Her saying that you are not involved and disinterested... is to her, true.
She is not talking about what you "do" per school. She is talking about NEEDING YOU... to be there for 'her.' Not it being about her performance. She is lacking, internally. Her cup, is empty. She is not getting: understanding, unconditional love, acceptance, You.

A girl, NEEDS a "Relationship" with their Mommy.

Not just being regarded as this 'person' who is 'smart' and everything then revolving around that and her only being seen as 'grades' or whether she is 'smart' or not.
She is a person.
She wants to and NEEDS to be seen as that.
A daughter. A person.

Her cup seems half-empty. Not half-full.
She told you what she feels... and what she lacks.
You then told her she is 'wrong' and invalidated how she 'feels.'
Thus, she does not open up to you... because she is not getting understanding nor what she really needs.

She is missing "You."
Her 'behavior' and lack of school interest... is because of that.
She is saying, you do not "know" her... not let her be her. And that you are not there, for her.
Thus, she is unhappy.

You need to have a "Relationship" with her.

Or she will continue to withdraw from you and other things.
She needs, what she is not getting.
She doesn't care if things are taken away from her. Because that is not the problem.
The problem is, as she told you. And was brave enough to say.
So, heed to that.
Because, the already feels "why bother".... "nothing I do matters, to Mom or my parents" kind of thing. They don't know me.... love me for me.
She already said to you that you "Don't seem interested in her."

But no one, is 'hearing' her. You or her Dad, are not 'hearing' her and what she said she needs and is lacking.

See her for her.
Not it being about her 'performance' only.
Get to know "Her."

all the best,

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answers from Phoenix on

I don't have kids this age but I can tell you what i went through that age was similar. My mom and I had a horrible relationship. I can tell you from working with lots of teenagers and being a teacher for years has helped me see things from thier point of view a little better. I really am not a huge fan of formal sit down talk it out therapy...sure it gets the feelings all out but from all my experiences it hasn't really "helped" anyone. Guess the best approch i have found is a reality check. Good for you for taking away the things that she may think she is entitled to. JMO but I really believe entitlement is the biggest problems teens face today. Maybe she just needs some involvement or extracurricular activity to occupy her time. Sports have helped many of my students to get back on the straight. No grades no play. Simple. If sports isn't her thing maybe try having her volunteer at a shelter with you. I have found that when you help others and see how bad it really is out there it makes you want to be a better person. Donate time, make her do housework and donate the money from her allowance to a needy family. It is something that you need to work on together. She has to want to do her work for the right reasons not just because you told her. She needs to understand if she can't handle school assignments now how will she ever handle a job. Maybe its just me being harsh, but my dad explained that to me a long time ago when i was having some issues. I am glad you are trying to be proactive in trying to overcome this. Responsibility is hard but the younger you teach them the better off they will be down the road. Believe me I am so thankful for my super strict "worst parents ever!" (actually the best ever...looking back) Good Luck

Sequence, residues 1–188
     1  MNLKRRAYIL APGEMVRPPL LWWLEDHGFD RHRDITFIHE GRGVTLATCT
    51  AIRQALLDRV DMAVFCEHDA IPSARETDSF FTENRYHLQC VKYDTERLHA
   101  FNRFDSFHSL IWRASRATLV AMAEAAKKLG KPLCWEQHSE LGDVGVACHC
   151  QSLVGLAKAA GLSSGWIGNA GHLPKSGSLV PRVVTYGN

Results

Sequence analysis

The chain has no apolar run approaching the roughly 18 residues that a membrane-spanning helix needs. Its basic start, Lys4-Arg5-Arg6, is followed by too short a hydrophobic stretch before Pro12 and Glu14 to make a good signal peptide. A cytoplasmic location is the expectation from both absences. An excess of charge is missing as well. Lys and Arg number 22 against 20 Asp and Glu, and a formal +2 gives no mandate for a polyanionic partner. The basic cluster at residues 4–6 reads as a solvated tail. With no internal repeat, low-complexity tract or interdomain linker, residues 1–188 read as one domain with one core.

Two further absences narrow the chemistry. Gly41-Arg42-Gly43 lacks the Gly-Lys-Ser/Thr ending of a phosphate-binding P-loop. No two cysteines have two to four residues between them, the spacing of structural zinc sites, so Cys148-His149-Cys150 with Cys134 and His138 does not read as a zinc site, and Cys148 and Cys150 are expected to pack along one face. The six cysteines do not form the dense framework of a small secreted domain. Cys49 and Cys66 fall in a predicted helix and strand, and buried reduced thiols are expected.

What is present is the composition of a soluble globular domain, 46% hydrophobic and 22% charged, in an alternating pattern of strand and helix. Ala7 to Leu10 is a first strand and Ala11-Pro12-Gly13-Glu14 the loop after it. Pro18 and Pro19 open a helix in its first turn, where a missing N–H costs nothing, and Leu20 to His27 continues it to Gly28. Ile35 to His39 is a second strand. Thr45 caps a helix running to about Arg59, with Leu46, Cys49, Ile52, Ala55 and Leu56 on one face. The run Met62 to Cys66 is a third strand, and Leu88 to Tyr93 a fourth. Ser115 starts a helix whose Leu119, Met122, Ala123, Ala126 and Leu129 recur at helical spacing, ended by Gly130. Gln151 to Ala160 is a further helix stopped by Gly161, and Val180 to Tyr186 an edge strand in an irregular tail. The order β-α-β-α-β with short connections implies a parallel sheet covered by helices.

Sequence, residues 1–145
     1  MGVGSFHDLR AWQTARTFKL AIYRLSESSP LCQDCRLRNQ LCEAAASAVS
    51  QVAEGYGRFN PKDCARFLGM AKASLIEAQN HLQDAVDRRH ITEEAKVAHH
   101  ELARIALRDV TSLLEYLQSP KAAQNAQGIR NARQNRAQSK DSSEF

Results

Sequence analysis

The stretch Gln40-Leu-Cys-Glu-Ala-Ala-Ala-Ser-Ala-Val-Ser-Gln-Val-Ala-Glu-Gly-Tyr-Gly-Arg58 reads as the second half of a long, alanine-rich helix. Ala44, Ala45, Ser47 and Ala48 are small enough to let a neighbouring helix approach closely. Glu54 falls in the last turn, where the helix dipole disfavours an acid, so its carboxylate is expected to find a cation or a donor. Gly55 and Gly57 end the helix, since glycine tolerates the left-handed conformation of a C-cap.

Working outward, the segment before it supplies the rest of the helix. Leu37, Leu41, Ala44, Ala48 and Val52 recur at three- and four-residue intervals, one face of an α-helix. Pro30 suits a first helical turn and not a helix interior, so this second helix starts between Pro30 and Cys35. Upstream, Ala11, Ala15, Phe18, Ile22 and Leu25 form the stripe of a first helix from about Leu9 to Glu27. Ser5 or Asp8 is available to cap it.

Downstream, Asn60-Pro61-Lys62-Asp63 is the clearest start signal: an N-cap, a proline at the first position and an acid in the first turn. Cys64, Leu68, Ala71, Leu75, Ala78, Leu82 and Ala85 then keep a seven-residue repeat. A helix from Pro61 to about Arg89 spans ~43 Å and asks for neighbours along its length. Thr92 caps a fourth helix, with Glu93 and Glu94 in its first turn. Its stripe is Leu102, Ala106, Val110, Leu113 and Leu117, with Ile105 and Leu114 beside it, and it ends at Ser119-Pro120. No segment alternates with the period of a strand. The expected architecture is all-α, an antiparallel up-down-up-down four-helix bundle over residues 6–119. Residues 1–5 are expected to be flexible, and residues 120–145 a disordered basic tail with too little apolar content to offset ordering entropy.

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answers from Lincoln on

Sorry to hear about that. I've dealt with a teenager that for some reason would rather be a slacker and not hand in homework even though I know he's smart and can get A's & B's. I did take out the TV and revoke priveliges and even did grounding. One thing to remember is that they have to be able "to see the light at the end of the tunnel". Also tell her that this is hurting herself and she might as well work at fast-food for the rest of her life (no offense to fast-food workers, been there done that). Did you talk to her what goals she had in life, like college, this and that? Then work backwards from there. Good luck!